|CTI volunteers Camille and Natalie George|
The George’s are in Haiti helping locals take advantage of an underutilized food source: Breadfruit. Breadfruit grows in abundance in Haiti, but spoils just days after ripening. CTI has developed a set of tools that villagers can use to preserve breadfruit as affordable flour.
Natalie and Camille are in Port-au-Prince, helping Haitians open a breadfruit bakery and showing “field to fork” proof that breadfruit can be harvested, transformed into flour, and processed into delicious and nutritious food products.
Baking sans Power
What I take advantage of in my everyday life is the sheer luxury of electricity. It seems so normal to have a fridge that works all the time, and a light switch that turns on no matter what, however in Haiti things do not work the same way as they do in wealthier countries.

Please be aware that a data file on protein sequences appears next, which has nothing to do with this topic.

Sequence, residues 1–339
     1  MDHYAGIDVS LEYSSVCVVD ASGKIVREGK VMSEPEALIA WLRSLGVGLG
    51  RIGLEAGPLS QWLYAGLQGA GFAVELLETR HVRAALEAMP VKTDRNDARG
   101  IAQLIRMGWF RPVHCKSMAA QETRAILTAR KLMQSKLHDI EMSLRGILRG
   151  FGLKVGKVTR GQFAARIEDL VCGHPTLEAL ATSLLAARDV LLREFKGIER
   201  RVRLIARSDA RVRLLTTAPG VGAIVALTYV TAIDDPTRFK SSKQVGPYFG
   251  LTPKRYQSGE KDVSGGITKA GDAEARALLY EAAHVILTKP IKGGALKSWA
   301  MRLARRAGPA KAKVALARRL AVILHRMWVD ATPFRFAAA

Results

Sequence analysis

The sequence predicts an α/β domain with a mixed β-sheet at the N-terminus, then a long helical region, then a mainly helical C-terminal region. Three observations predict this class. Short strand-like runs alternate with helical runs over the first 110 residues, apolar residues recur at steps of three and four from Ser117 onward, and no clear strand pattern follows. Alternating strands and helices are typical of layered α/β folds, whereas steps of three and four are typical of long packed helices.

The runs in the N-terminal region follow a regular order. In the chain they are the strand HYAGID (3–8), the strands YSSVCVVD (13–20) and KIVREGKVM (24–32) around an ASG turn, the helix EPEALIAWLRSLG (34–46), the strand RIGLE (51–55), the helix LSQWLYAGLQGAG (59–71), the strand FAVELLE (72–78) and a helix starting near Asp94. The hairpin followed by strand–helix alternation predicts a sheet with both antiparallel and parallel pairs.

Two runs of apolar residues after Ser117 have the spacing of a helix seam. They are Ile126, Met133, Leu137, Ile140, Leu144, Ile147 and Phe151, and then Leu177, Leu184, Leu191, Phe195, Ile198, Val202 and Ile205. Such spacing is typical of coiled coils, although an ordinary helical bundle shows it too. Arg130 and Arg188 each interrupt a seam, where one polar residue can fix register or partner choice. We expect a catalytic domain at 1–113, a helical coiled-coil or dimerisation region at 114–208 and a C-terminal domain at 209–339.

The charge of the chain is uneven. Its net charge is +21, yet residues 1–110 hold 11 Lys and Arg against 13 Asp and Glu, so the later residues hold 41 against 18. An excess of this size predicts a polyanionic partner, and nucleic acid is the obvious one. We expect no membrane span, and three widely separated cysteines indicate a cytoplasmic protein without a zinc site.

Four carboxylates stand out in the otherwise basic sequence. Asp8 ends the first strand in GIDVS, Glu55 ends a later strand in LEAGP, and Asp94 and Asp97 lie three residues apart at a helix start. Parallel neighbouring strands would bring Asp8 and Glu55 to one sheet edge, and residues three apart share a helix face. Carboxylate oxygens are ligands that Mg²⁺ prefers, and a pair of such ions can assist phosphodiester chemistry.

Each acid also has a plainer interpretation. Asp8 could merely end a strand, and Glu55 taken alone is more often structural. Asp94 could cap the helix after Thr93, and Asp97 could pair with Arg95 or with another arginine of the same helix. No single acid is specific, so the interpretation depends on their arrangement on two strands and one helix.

In Haiti, the government rations the use of electricity, and though every day varies, on average it will turn off around 9 AM and back on again around 7 PM. Some people have personal generators that they use to keep it on, and bigger companies, like our hotel, have some sort of deal with the government that allows them to use a small amount during the power outages. But overall, the average Haitian does not get any electric power within those hours.
Haitian Rum Cake
After some time of fiddling around with the propane stove, it was time to bake, and we decide on baking the Haitian cake, which includes rum and raisins. The recipe and baking turned out to be a GREAT success! They mini cakes were SUPER delicious and we all felt like we were some official top chef bakers (or maybe just me…). I didn’t want to stop there, especially since we had a few hours to kill AND a working stove. So, I decide that we should make another pizzelle batter and then try making cookies out of it.
|Haitian Rum cake made |
with breadfruit flour